As NCAA tourney comes, Phantoms recall experiences

Photo: Richard T Gagnon/Getty Images

📝 by Bob Rotruck | AHL On The Beat

The men’s NCAA hockey tournament at PPL Center in Allentown, home of the Lehigh Valley Phantoms, returns March 24-26 with host Penn State to be joined by three other teams competing for a bid to the Frozen Four in Tampa.

The 2023 Allentown regional represents the fourth time the Lehigh Valley has hosted the event. Every NCAA tournament includes several future Phantoms, AHL stars and NHL draft selections. The very first regional at PPL Center in 2018 featured Tanner Laczynski, who helped lead Ohio State to their first Frozen Four appearance in 20 years with a victory over defending national champion Denver.

No fewer than eight current Phantoms have been part of the drama of the NCAA postseason, including two players who won national titles: Jackson Cates with Minnesota-Duluth and Bobby Brink with the University of Denver. Ronnie Attard (Western Michigan), Louie Belpedio (Miami), Ryan Fitzgerald (Boston College), Troy Grosenick (Union College), Adam Karashik (Notre Dame) and Cooper Marody (Michigan) all made it to the tournament as well.

For Cates, his postseason run began at PPL Center in the 2019 regional. But it almost ended as quickly as it started when Duluth was taken to overtime in the opening game by an upstart Bowling Green squad.

“It was a scary game,” Cates said. “We got pretty lucky to tie it up late. And then, fortunately, we were able to win it in overtime but that’s playoff hockey. It just made the experience of winning the championship that much more special.”

It was less than two weeks later Cates was winning a national championship alongside his brother Noah when the Bulldogs defeated the University of Massachusetts at the Frozen Four in Buffalo.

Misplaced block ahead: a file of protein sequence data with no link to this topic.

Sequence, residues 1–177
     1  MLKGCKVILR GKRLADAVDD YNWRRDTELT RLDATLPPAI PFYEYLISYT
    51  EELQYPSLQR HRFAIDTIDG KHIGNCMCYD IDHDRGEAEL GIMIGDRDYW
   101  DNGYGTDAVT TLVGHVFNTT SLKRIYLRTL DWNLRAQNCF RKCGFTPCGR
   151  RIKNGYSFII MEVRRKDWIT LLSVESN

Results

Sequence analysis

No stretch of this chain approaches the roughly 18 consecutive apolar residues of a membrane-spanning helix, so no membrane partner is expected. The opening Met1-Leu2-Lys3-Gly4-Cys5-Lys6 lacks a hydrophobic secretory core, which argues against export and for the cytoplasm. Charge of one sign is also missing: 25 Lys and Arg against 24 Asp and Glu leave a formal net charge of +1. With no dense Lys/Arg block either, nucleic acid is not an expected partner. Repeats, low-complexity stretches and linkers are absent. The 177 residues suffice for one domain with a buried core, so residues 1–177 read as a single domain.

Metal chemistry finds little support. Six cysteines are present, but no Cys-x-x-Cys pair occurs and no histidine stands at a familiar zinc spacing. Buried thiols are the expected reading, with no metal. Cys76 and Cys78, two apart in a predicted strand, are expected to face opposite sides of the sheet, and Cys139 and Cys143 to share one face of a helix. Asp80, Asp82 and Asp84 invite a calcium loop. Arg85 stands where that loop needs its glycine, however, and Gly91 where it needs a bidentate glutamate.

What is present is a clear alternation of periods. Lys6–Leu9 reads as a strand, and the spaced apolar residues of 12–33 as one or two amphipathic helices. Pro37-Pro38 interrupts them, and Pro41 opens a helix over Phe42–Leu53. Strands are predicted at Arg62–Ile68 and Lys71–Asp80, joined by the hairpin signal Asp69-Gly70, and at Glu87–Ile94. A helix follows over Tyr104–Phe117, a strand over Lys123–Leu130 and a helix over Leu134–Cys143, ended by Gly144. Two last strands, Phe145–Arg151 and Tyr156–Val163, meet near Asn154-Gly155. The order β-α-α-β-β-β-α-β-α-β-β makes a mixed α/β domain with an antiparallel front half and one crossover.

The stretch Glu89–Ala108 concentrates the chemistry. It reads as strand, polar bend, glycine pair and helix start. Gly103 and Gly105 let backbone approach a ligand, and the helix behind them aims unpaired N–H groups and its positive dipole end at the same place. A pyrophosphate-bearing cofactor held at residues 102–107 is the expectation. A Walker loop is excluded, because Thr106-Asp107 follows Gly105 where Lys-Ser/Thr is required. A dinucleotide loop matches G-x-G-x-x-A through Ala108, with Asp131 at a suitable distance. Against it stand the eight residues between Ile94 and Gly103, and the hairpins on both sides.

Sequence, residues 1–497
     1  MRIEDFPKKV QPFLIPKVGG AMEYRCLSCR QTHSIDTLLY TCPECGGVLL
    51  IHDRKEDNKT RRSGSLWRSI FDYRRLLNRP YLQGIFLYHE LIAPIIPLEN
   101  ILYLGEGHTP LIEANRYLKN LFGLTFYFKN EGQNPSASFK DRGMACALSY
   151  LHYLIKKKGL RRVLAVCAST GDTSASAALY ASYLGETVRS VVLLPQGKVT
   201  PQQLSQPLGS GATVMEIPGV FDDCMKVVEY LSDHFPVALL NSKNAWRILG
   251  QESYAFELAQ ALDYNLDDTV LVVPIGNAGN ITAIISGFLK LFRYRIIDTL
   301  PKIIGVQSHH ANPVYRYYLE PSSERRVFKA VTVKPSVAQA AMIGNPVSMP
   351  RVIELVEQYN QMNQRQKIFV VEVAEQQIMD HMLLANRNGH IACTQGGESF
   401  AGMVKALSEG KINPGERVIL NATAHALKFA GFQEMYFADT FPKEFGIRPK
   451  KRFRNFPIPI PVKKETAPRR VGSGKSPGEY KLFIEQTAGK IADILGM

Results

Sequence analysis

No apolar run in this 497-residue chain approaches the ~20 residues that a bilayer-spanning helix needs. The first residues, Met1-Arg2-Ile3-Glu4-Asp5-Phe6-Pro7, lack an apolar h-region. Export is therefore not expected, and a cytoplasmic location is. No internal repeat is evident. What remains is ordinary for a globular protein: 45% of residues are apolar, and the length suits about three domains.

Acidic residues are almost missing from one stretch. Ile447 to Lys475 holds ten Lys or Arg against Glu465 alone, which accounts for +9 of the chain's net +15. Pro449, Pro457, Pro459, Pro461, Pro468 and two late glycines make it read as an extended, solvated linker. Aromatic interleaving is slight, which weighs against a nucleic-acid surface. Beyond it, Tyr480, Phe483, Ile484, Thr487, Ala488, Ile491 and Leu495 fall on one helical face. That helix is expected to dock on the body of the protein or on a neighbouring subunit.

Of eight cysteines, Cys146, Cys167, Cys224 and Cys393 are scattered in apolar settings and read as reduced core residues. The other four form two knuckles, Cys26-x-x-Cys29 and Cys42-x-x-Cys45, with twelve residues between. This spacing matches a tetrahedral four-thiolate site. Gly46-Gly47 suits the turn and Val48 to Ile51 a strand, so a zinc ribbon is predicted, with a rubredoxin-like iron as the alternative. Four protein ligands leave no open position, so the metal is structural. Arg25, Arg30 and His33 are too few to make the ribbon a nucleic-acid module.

“It was surreal,” Cates said. “It was a top memory of my hockey career and something to remember for a lifetime.”

Two years after winning the 2019 title, Cates would experience excitement of a more exhausting and drawn-out variety when he played in the longest game in NCAA tournament history: a five-overtime win over North Dakota to advance to the Frozen Four. Sudden-death drama is par for the course in playoff hockey. But typically it isn’t quite such a lengthy process to determine a winner.

“That will for sure be the craziest game I’ll ever play in,” Cates said. “We had a goalie change in the third overtime I believe (due to cramping). Just how tired we all were, I’ve never experienced anything like it. But that’s such a great memory in the regionals to win like that and go to the Frozen Four which made it that much more special. It was unreal.”

A second-round draft selection by the Flyers in 2019, Bobby Orr Brink led the nation in scoring in 2021-22 with 57 points in just 41 games at Denver, then led his team to a national championship in the same city where his namesake Bobby Orr starred for the Boston Bruins.

It was Brink’s big play in overtime that propelled the Pioneers to an upset win over top-seeded Michigan, when he snagged a puck in the corner to set up Carter Savoie for the winning goal.

“We had a big win in overtime in the semifinals against Michigan,” Brink recalled. “That was a really cool moment celebrating in overtime. All four of those games in the NCAA tournament were really special.”

After a play like that, it felt like a given that the Pioneers wouldn’t be denied the title. They trounced Minnesota State, 5-1, and a few days later Brink was making his pro debut with the Flyers.